Peder Furubotn

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Peder Furubotn

Peder Furubotn (29 August 1890 – 28 November 1975) was a Norwegian cabinetmaker, politician for the Communist Party and resistance member during World War II.

Early and personal life[edit]

Furubotn was born in Brekke, Sogn og Fjordane, the son of Jørgen Furubotn and Valgjerd Miljeteig. He married Gina Dorthea Sandal in 1912.[1] He started working as a cabinetmaker in Bergen when he was 14 years old. He joined the local union in 1909, and was a board member of the Bergen chapter for several years. He was also a board member of the Labour Party in Bergen.[2] He was a board member of the radical union branch Fagopposisjonen av 1911, which had been founded by Martin Tranmæl.[3]

1923–1940[edit]

He was elected general secretary for the Communist Party of Norway (Norges Kommunistiske Parti, NKP) from its foundation in 1923, and was chairman of the party from 1925 to 1930.[4] During this period he was among the loyal Moscow supporters and criticized people who diverged from the "correct" political line, as well as the Labour Party.[3] Furubotn stayed in Moscow from 1930 to 1938, when he returned to Norway.[1] He was also deputy chairman of the Communist Party of Norway after the Finnish War in 1946.

World War II[edit]

Furubotn was arrested in August 1940, but released after interrogation. He immediately went undercover. He was elected secretary general of the NKP in 1941, after the arrest of de facto leader Henry Wilhelm Kristiansen following the German attack on the Soviet Union in June 1941.[1]

He managed an undercover resistance organization in Norway during the five years of German occupation. From a centralized camp he activated resistance groups in different parts of the country. The camp developed sectors for economy, transport, distribution, newspapers, sabotage, intelligence and courier traffic, and organized farmers, women and youth. The camp was typically located in isolated mountain dairy farms, and could have a security zone with a 10-kilometre radius. External visits to the headquarters were only allowed during relocation periods. Frequent conferences were normally held at mountain huts or farms within a wider zone. Security personnel were located in the surrounding rural districts, and the camp received intelligence reports from observations of the Gestapo headquarters in Oslo and other cities.[5]

The Germans made several efforts at catching Furubotn and his communist resistance organization. During the German Operation Almenrausch in June 1944 he successfully made a close escape from a large number of German troops, together with his family and central political activists, including Ørnulf Egge, Roald Halvorsen, Samuel Titlestad and Arne Taraldsen.[6] But several other members of the organization were arrested in the operation.[6]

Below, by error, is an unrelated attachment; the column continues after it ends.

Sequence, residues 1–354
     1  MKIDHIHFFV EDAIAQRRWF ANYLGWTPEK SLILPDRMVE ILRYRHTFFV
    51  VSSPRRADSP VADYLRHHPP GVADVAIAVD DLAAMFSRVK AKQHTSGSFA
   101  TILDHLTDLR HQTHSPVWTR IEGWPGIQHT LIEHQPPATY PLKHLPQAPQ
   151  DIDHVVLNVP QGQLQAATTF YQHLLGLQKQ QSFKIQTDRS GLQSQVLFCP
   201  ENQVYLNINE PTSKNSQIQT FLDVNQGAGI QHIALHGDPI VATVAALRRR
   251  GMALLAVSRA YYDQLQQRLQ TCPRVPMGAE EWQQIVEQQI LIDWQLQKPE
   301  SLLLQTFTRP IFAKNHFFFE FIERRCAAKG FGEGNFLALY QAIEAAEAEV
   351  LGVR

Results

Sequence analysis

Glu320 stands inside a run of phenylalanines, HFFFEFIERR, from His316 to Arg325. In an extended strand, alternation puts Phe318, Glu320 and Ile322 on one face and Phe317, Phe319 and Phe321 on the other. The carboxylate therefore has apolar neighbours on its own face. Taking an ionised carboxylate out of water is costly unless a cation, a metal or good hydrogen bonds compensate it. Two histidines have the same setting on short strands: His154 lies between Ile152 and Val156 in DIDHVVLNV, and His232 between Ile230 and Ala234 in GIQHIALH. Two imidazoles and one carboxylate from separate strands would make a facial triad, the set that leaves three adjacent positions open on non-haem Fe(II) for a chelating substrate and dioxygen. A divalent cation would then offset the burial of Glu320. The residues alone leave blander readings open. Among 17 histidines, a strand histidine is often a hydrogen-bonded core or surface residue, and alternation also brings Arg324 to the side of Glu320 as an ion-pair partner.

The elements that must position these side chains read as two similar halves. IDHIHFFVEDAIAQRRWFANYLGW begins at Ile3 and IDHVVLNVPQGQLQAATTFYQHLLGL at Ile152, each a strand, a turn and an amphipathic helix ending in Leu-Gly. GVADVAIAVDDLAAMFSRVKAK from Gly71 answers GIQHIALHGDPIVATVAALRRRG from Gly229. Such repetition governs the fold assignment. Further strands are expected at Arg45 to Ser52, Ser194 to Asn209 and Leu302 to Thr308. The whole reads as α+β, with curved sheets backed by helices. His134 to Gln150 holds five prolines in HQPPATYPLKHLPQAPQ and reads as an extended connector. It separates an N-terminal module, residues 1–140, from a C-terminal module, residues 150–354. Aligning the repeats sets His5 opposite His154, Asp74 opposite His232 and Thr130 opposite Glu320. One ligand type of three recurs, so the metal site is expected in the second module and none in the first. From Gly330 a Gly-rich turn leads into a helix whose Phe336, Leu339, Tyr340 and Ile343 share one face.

Titlestad was chief of security for Furubotn, and he has been credited for developing security arrangements including the hiding out in huts in Øystre Slidre.[7]

Post-war period[edit]

Furubotn had a central role within the Communist Party until 1947, when he retired from his position as secretary general. In 1949 he was expelled from the NKP following internal controversies and interference from Moscow. Furubotn and his supporters were accused of being titoists and nationalists. Furubotn continued with political activities, but was isolated from party politics during the Cold War period. Among his post-war publications are Kampen for Norges suverenitet from 1948, Vi må våkne from 1951, Alt for mennesket from 1963, Norge i automasjonsalderen and Selvmordselementet i verdenspolitikken from 1969. His biography was written by historian Torgrim Titlestad. Furubotn died in Oslo in 1975.[1]

Biographies[edit]

  • Torgrim Titlestad: Peder Furubotn 1890 – 1938 (1975).
  • Torgrim Titlestad: Stalin midt imot (1977)
  • Torgrim Titlestad: I kamp, i krig (1977)

References[edit]

  1. ^ a b c d Titlestad, Torgrim. "Peder Furubotn". In Helle, Knut. Norsk biografisk leksikon (in Norwegian). Oslo: Kunnskapsforlaget. Retrieved 5 November 2010. 
  2. ^ Friis, Jakob; Hegna, Trond; Juel, Dagfin, ed. (1933). "Furubotn, Peder". Arbeidernes Leksikon (in Norwegian) 3. Oslo: Arbeidermagasinets Forlag. p. 308. 
  3. ^ a b Keilhau, Wollert; Kleppa, Peter; Tvedt, Knut, ed. (1949). "Furubotn, Peder". Norsk konversasjonsleksikon Kringla Heimsins 3 (2 ed.). Oslo: Nasjonalforlaget. pp. 1243–1244. 
  4. ^ Halvorsen, Terje (1995). "Furubotn, Peder". In Dahl; Hjeltnes; Nøkleby; Ringdal; Sørensen. Norsk krigsleksikon 1940-45 (in Norwegian). Oslo: Cappelen. pp. 126–127. ISBN 82-02-14138-9. Retrieved 2008-09-15. 
  5. ^ Titlestad, Torgrim (1977). I kamp, i krig. Peder Furubotn 1942–1945 (in Norwegian). Oslo: Gyldendal. pp. 133–136. ISBN 82-05-09295-8. 
  6. ^ a b Titlestad, 1977: pp 64–71
  7. ^ Motstandsfolk på Golsfjellet
Party political offices
Preceded by
Sverre Støstad
Chairman of the Communist Party of Norway
1925–1930
Succeeded by
Henry Wilhelm Kristiansen